Houses Designed by Kids
Jun 30, 2015 10:25PM
● By Matthew Schlueb
When designing a home, most architects will ask homeowners for a wish list, categorized into wants, needs, and 'maybe someday.' Frequently, homeowners have compiled several years of hand sketches, home magazine clippings and maybe few photos from a recent vacation house with a particular kitchen they like or a luxurious bathroom shower. All of these things are helpful, but I have learned to tap a far more useful resource that is often overlooked by other architects—kids.
Kids have the best insights into their families and the way they use their homes. They are keen observers, at an age where they are still soaking up everything going on around them and noticing daily routines and patterns that adults simply dismiss. Children clue me into the defining characteristics that make each family unique. Those nuances, when attended to, make a house a home.
In addition to their refreshing perspectives, children also speak bluntly and to the point. Parents, on the other hand, are conditioned to speak in a coded 'grown-up' language, with proper etiquette and veiled innuendos. Yet the most successful projects, the ones with the fewest regrets, always result from direct and honest dialog between homeowners and architect, which is why I seek out the children to lead the way.
Children also have one other thing in abundance—creativity. Endless silly talk, singing, laughing; children are experts at play, something that many of us adults have forgotten how to do. This change starts to set in at about the same age that kids stop drawing, in fifth or sixth grade. As an adult who makes a living drawing, I never stopped speaking their language.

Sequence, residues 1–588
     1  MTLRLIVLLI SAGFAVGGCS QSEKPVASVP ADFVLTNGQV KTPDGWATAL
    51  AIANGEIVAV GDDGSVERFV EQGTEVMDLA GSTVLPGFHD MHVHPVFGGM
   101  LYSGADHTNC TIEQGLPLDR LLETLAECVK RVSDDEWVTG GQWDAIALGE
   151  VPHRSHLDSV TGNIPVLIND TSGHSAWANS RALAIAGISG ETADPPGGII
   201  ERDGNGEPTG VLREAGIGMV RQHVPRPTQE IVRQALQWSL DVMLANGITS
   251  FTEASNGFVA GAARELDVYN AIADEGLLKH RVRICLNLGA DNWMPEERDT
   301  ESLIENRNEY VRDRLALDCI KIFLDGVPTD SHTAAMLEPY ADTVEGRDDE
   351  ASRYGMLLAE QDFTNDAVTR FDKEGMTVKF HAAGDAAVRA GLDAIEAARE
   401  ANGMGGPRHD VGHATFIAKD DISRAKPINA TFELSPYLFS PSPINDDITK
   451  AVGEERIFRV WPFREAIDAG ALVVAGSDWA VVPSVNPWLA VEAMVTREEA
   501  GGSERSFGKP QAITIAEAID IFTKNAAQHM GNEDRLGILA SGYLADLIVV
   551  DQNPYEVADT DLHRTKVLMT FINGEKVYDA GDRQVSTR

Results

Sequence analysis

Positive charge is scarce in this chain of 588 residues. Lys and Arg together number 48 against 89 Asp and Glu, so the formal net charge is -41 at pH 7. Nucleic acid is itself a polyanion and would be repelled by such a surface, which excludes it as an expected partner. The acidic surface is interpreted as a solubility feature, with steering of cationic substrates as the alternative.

With younger children, I typically begin by asking them to draw me a picture of their home. Then, I ask for a second picture of their home, if they could change anything they wanted. I ask them to point out their favorite parts, the funniest parts, the coolest parts.
Older kids who have lost their passion to draw may be into making things, like with Legos. This is the perfect toy, with possibilities as limitless as a child's imagination, and kids love these colorful plastic blocks which they can use to build their dream homes.
For kids old enough to use computers, I often recommend Lego Digital Designer. It is a free software download that can be used to create a house virtually from all of the Lego pieces with which they are familiar. I have found it to be a great tool for introducing kids to the power of computing, while developing a sense of spatial relationships, manipulating geometric volumes, and strengthening abstract visualization. The program is very intuitive and kids pick it up immediately, designing away in a matter of minutes.
For older kids wanting to move away from Legos (although I can't imagine why), I tell them about a program I use with my own architectural practice called SketchUp. This is also a free download (from Google), which can create three-dimensional structures, using lines, planes and geometric solids. It too is very intuitive, with most kids figuring it out in less than an hour. But unlike Legos, where you build from predetermined parts, SketchUp is a true CAD program where you make everything from scratch, extracting images straight from inside kids’ heads.
So if you have been thinking about making changes to your home lately, consider checking with your kids. Get out the box of crayons and draw a few pictures with them. Or if you want a more educational experience that feels like fun, show them a design program or two. You might find that they have ideas that you never considered—playful ideas. And what house couldn't use a little more fun?
Matthew Schlueb is a registered architect and owner of SCHLUEBarchitecture. For questions or comments, contact Matthew at email@example.com. This article is part of an ongoing series addressing architectural issues for homeowners.